A widow has been allowed by the High Court to keep embryos created with her late husband in storage for ten years.
Samantha Jefferies, 42, had already undergone two unsuccessful cycles of IVF on the NHS and had been about to start a third when her husband, Clive, died of brain haemorrhage in 2014 (see BioNews 857).
The couple had stored three embryos with the Sussex Downs Fertility Centre, originally giving consent for them to be kept for ten years, but it was claimed that this was later amended to two years at the request of the clinic. Mr Jefferies had also consented to their posthumous use.
The court heard that the clinic had a policy of offering storage only for the period for which funding had been secured (the couple had NHS funding for two years of storage). However, Mrs Jefferies argued that she could not recall either her or her husband signing the amended consent form.
Mrs Jefferies sought permission from the High Court to store the embryos for ten years, until 2023. The Guardian reports that her lawyer, Jenni Richards QC, told the court: 'Samantha has brought this case because the embryos she is seeking to preserve represent her last chance of having the child of her husband they had both so dearly wanted.'
Granting her request, Sir James Munby, president of the Family Division, said the case 'turned on a signature'. He ruled that it was 'obviously right' that the embryos be stored for the period that was initially agreed and that he was sorry that Mrs Jefferies had to end up in court as the result of the mistake of others.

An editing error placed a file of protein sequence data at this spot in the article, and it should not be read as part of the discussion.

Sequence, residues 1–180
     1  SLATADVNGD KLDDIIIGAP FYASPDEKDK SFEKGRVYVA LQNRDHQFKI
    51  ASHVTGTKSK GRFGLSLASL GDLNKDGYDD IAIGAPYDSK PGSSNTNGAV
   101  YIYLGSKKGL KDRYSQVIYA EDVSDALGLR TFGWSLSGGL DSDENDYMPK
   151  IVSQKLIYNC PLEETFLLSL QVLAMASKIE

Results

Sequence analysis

Her application was supported by the clinic, which has since changed its storage policy, and also the HFEA on the grounds that Mr Jeffries had not signed the amendment, reports the Guardian.
Speaking after the decision, Mrs Jefferies said the result was 'overwhelmingly fantastic – just brilliant, amazing'.
'There was so much compassion within the court, that it didn't feel like it was a fight. It felt like they were more supportive rather than it being a battle,' she said.
Lord Justice Munby said he would give his reasons for the decision in writing at a later date.